Ivory from the elephant's tusks has been another big reason for hunting, white ivory being nicknamed 'white gold' because of its extremely high value.
Sadly, there are still even people who hunt elephants just for sport, without any real reason.
The elephant's beautiful tusks are what have made it such a common target for poachers. Ivory has been used over the years for a wide number of products – even piano keys.
The elephant uses its tusks for a few different purposes.
Obviously, they can be used as weapons to defend themselves against attacks from predators, as well as being used to fight off attacks from other elephants.
But there are other uses you might not have expected for tusks... like acting as a trunk-rest!
Yes, elephants do need to rest their trunks from time to time, and sometimes they do that by draping the trunk over a tusk. This may sound strange, but remember the trunk is full of muscles so it does get tired at times.
Elephants also use their tusks to knock down trees.
If an elephant finds a tree with edible leaves that are too high to reach with its trunk, it will use its tusks to try and ram the tree until it tilts or falls right over. (An elephant can also use its trunk to pull a branch off a tree, to make it easier to eat the leaves).
As I already mentioned, it's actually female elephants who lead the herd. A male adult elephant is called a 'bull' and an adult female is called a 'cow.' The female who leads the herd is called the 'matriarch.'
Elephants do not give birth to a 'litter' of offspring like
other mammals such as cats and dogs.
Like humans, in the majority of cases females will only give birth to one calf at a time. In some cases elephant twins are known to occur, but these are quite rare.
Male elephants lead quite different social lives from females. While the female elephants spend their entire lives very much focused on the herd, males become more and more solitary as they grow older.
At around 14 or 15 years of age a bull
elephant will leave his herd altogether.
Older males then live out the rest of their lives moving between herds to mate when they have a chance.
Occasionally a 'bachelor herd' of two or more males will form.
Females also tend to be less aggressive with each other than males do. As with a normal elephant herd, these all-male bachelor herds have a hierarchy and are led by the most dominant male in the group, who is often the oldest.
For the most part male herds stay fairly small, between 2 and 15 in number – but there have been recorded cases of over 100 elephant bulls together in a single herd.
Scientists who have studied fossils from around the world have put together a fascinating picture of the huge variety of elephants and elephant relatives that used to wander the earth.
The Woolly Mammoth is the most famous of these, which died out in most past of the world during the last Ice Age around 10,000 years ago – although living Woolly Mammoths still roamed an island near Siberia as recently as 4,000 years ago.
The name 'mammoth' is a little bit misleading – most people think these mammals were a lot larger than the elephants we see today.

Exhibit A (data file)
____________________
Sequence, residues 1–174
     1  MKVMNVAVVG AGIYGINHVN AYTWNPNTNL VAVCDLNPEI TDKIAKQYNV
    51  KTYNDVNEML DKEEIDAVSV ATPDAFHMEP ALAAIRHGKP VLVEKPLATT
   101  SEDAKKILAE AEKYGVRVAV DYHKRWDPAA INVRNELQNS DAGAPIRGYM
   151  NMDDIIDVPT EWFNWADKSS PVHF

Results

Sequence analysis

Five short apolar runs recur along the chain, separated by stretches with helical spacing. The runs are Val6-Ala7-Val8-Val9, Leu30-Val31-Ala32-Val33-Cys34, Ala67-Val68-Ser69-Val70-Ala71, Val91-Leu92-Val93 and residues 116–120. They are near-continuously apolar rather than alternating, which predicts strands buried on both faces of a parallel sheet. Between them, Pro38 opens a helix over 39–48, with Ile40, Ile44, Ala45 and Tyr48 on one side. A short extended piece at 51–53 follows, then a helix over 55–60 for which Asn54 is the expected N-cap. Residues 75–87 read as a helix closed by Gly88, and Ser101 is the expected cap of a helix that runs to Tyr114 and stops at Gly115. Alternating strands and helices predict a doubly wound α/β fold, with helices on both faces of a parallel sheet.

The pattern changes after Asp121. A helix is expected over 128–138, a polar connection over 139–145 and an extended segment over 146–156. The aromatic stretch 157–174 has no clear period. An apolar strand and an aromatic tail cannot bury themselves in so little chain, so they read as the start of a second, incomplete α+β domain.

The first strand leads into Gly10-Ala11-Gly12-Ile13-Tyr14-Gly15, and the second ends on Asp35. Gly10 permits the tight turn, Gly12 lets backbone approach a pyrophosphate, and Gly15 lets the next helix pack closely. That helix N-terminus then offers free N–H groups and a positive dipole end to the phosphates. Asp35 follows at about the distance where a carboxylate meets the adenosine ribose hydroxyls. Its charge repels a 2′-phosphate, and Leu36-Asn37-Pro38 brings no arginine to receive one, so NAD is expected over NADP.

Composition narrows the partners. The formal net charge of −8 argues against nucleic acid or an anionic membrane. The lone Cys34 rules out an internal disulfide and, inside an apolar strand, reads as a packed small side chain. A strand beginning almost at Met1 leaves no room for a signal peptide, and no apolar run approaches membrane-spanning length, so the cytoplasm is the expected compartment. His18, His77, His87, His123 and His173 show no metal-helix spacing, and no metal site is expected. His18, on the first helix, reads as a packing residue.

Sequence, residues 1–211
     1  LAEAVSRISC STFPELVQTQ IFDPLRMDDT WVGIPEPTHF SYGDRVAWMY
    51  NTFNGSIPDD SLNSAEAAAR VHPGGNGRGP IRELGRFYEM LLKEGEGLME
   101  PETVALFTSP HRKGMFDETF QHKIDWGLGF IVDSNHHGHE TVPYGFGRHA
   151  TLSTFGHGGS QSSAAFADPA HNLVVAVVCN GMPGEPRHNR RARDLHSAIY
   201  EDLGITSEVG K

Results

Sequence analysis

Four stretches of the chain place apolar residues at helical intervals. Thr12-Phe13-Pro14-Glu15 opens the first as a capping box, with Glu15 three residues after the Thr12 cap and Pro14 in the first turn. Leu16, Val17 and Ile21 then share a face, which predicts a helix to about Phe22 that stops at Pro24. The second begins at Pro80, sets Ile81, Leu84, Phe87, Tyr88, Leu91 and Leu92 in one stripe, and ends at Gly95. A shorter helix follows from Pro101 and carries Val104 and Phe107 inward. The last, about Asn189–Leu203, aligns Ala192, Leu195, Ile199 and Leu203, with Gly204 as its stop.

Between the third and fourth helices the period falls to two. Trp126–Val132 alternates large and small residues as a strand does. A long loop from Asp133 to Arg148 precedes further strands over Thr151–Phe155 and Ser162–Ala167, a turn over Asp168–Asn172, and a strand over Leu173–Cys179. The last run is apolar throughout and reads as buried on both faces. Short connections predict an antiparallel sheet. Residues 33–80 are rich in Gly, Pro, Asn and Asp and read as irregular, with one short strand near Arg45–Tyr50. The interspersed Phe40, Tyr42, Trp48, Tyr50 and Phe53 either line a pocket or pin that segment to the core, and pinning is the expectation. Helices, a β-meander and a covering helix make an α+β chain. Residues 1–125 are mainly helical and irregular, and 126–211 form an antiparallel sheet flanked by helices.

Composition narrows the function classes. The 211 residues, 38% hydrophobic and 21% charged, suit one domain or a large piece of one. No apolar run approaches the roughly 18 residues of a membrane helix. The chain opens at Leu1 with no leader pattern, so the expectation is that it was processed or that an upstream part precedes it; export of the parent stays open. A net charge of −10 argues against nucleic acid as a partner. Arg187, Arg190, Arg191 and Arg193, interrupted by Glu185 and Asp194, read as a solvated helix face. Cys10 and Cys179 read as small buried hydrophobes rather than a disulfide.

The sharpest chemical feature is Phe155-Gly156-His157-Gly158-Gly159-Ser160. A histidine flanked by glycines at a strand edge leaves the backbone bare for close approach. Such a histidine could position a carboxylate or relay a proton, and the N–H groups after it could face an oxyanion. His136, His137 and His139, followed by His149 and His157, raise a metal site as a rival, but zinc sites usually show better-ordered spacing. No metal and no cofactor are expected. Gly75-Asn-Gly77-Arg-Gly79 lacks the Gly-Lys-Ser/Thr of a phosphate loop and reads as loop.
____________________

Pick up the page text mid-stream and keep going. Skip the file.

This is not actually true – the average Woolly Mammoth was only about 9 feet tall, making it shorter than both the African and Indian elephants of today.
another mistaken idea out there that our elephants evolved
from the Woolly Mammoth. Again, this isn't true – both our
modern elephants and the Woolly Mammoth evolved from the same
ancestor somewhere in the past.
Today's elephants simply survived into modern times because they live close to the equator, so they weren't affected as much by the sudden temperature changes in the Ice Age as the Woolly Mammoth, which lived in cold northern areas like Siberia.
Now, I mentioned the Woolly Mammoth wasn't bigger than today's
elephants, but here's something else many people don't know:
there was more than one type of Mammoth wandering the Earth
until not that long ago.
One of these was the River Mammoth of China, which weighed in at around 15 metric tons – that's about 33,000 pounds!
Here's another fun fact about Woolly Mammoths: unlike elephants, they had a lump of fat just behind their heads so they could store energy for times when no food was available. This was like the humps we see on the backs of camels today, which help camels survive in the desert.
One of the most interesting things about the Woolly Mammoths was the size of their tusks. Some Woolly Mammoth fossils have been discovered with tusks up to 15 feet long.
But scientists who have gone even further back in the fossil records have found some even more fascinating and surprising facts. For example, it's been discovered the the elephant and one of the world's most bizarre underwater mammals, the dugong, share a common ancestor.
#1: An elephant's tusks never stop
#2: Elephants eat so much they barely have time for anything else – even sleeping. They spend up to 18 hours each day eating and looking for their next meal.
#3: Female elephants are capable of having babies up to about fifty years of age.
#4: The trunk is actually a nose and top lip fused together and can grow up to 7 feet (2 meters) long on African elephants.
#5: As well as using their trunks to pick things up, show affection and drink, they also use them to keep themselves cool by spraying a jet of water into the air over their heads.
#6: Elephants are very good swimmers, and they can even breathe with their heads underwater by holding the tip of their trunks up.